7. Yankee Candle

Yankee Candle gives the users the ability to choose the frequency of their emails from the unsubscribe page. With their awesome snooze button, subscribers are able to customize their email subscriptions. If you opt-in to receive their emails, you have the ability to take a break for 30 days if you choose to.

8. Bonobos

This brand is able to reach their customers by giving them the ability to personalize their inbox directly on the unsubscribe page. Once you have specified how many times you would like to receive emails, then the page takes you to a section where it allows you to connect with the brand via social media or simply by clicking their call to action button that takes you straight to their site.

9. 1-800 Contacts

The unsubscribe page for 1-800 Contacts is the best known for its humor. By letting the users know that they could have ended up on the site by mistake, the brand engages them in an effective and thoughtful way. They also provide the users with an option to continue their relationship in another way: through social media.

10. Barneys New York

Barneys NY provides a ‘You will be missed’ message followed by a survey on the subscribe page. This allows the marketing team at the company to get an understanding as to why the users chose to opt out of their service and this, in turn, helps them redesign their email campaigns.

11. Vimeo

On their unsubscribe page, Vimeo gives their customers a chance to receive less content from them. Instead of opting out of all their emails, users can now choose to control what they receive. They do this with cute graphics and mild humor.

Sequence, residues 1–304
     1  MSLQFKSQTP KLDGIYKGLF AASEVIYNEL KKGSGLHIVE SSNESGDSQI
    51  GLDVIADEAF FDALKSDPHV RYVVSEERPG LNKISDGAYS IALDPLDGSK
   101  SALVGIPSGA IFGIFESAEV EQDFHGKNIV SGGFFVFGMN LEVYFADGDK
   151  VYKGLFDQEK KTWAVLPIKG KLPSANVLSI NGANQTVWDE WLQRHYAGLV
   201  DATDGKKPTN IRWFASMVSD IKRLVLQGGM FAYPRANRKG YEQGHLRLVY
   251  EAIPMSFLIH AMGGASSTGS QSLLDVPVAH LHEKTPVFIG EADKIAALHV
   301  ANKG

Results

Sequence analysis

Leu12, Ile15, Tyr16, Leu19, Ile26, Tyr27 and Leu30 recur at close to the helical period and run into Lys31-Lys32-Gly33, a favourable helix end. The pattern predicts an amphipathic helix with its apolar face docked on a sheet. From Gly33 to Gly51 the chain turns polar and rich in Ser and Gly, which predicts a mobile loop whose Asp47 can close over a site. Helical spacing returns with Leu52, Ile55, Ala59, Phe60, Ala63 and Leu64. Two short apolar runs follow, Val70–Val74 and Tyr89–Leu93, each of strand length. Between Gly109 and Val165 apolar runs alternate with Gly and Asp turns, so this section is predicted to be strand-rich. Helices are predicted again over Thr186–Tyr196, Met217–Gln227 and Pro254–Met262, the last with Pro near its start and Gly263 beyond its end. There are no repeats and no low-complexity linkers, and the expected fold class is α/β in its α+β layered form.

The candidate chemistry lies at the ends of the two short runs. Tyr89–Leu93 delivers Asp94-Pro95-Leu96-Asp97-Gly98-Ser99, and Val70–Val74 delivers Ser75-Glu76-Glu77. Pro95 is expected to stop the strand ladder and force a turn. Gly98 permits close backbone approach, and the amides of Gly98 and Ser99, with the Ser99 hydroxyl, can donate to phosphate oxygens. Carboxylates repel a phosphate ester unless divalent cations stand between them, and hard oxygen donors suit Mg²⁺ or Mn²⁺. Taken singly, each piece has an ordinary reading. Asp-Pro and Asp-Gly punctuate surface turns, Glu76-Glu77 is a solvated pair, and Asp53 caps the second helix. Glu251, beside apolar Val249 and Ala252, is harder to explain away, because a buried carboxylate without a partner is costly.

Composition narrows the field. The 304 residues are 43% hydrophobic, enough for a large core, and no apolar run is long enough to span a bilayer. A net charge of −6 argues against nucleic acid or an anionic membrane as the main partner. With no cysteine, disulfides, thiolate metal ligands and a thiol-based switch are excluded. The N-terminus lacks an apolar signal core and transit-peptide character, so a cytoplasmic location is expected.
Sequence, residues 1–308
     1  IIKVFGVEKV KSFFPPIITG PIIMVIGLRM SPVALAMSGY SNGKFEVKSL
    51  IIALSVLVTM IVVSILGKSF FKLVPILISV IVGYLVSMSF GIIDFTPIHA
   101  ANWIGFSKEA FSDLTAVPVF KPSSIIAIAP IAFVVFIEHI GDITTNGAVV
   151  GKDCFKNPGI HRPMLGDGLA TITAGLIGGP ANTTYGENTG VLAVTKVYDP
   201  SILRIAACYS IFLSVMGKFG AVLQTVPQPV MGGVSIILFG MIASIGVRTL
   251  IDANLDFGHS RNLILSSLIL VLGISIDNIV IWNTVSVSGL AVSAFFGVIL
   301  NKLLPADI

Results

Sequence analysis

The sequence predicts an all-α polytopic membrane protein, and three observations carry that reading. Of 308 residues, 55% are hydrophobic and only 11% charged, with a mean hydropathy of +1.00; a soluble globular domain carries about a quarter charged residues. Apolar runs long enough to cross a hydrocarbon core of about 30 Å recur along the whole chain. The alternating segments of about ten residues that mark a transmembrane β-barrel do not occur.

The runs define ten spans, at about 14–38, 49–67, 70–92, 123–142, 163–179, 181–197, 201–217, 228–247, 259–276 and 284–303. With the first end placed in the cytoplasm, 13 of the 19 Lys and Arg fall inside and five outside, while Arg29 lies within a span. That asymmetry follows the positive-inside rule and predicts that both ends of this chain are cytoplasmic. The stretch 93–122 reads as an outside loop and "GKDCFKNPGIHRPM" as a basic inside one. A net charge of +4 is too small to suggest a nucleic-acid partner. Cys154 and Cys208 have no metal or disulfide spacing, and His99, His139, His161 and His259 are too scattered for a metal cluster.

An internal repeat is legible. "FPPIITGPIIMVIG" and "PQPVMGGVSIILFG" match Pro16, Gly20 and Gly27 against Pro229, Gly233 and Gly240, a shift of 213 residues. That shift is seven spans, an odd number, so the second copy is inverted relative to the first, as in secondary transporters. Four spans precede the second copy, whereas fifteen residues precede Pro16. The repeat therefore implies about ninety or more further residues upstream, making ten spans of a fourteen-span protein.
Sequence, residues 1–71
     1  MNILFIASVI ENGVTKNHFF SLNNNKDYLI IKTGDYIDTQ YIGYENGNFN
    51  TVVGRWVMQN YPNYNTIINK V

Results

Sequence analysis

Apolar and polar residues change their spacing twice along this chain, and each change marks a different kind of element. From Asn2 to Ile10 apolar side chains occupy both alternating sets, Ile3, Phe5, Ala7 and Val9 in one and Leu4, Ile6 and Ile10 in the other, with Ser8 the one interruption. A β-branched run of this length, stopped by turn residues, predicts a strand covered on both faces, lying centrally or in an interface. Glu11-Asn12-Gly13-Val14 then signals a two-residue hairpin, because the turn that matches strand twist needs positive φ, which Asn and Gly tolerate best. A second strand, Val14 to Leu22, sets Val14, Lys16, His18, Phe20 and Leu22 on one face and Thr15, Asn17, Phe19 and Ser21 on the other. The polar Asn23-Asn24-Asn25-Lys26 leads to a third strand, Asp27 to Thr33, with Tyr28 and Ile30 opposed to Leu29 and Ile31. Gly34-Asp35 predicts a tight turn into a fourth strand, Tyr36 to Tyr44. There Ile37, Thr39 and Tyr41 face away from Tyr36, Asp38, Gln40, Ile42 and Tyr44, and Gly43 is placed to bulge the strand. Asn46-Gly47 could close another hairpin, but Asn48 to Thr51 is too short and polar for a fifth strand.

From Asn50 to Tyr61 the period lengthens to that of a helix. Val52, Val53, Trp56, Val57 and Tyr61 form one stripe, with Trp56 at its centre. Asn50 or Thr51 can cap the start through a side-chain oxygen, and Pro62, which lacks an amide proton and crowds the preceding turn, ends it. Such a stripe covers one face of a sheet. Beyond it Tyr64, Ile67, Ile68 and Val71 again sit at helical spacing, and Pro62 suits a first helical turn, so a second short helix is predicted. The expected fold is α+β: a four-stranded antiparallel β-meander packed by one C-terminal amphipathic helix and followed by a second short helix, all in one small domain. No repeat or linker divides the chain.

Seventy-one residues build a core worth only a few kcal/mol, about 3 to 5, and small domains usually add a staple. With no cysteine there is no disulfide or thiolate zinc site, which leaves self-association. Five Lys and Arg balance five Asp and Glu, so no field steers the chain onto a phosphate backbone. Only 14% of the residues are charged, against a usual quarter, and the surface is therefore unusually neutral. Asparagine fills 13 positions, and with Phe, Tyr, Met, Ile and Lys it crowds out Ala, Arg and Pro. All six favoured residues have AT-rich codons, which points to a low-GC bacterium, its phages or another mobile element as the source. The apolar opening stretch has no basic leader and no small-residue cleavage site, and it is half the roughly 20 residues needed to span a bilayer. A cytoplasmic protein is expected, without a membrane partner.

The brands above do a great job communicating their messages on their unsubscribe page in an effective and thoughtful manner. The 5 important recurring factors in these examples are the following :

* Give subscribers an option to personalize their inbox
* Personalize your messages and check in with your customers to make sure that they are interacting with your content
* Introduce humor and great branding
* Keep it simple, relevant and to the point
* Offer alternatives and a re-subscribe option

If a customer chooses to unsubscribe from your email campaigns, they usually have a good reason for it. Understanding their pain points will help you personalize your emails so that your content reaches the right people at the right time. By keeping their exits memorable, you are opening up a possibility for them to come back.

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Iggy is a designer who loves experimenting with new web design techniques, collating creative website designs, and writing about the latest design trends, inspiration, design freebies, and more. You can follow him on Twitter

1 thought on “11 Unsubscribe Page Best Practices and Examples”

  1. I’ve never understood the companies that list as a possible reason “I don’t want to get this anymore.” Well, duh, that’s why you are unsubscribing. Ask me WHY I don’t want them anymore!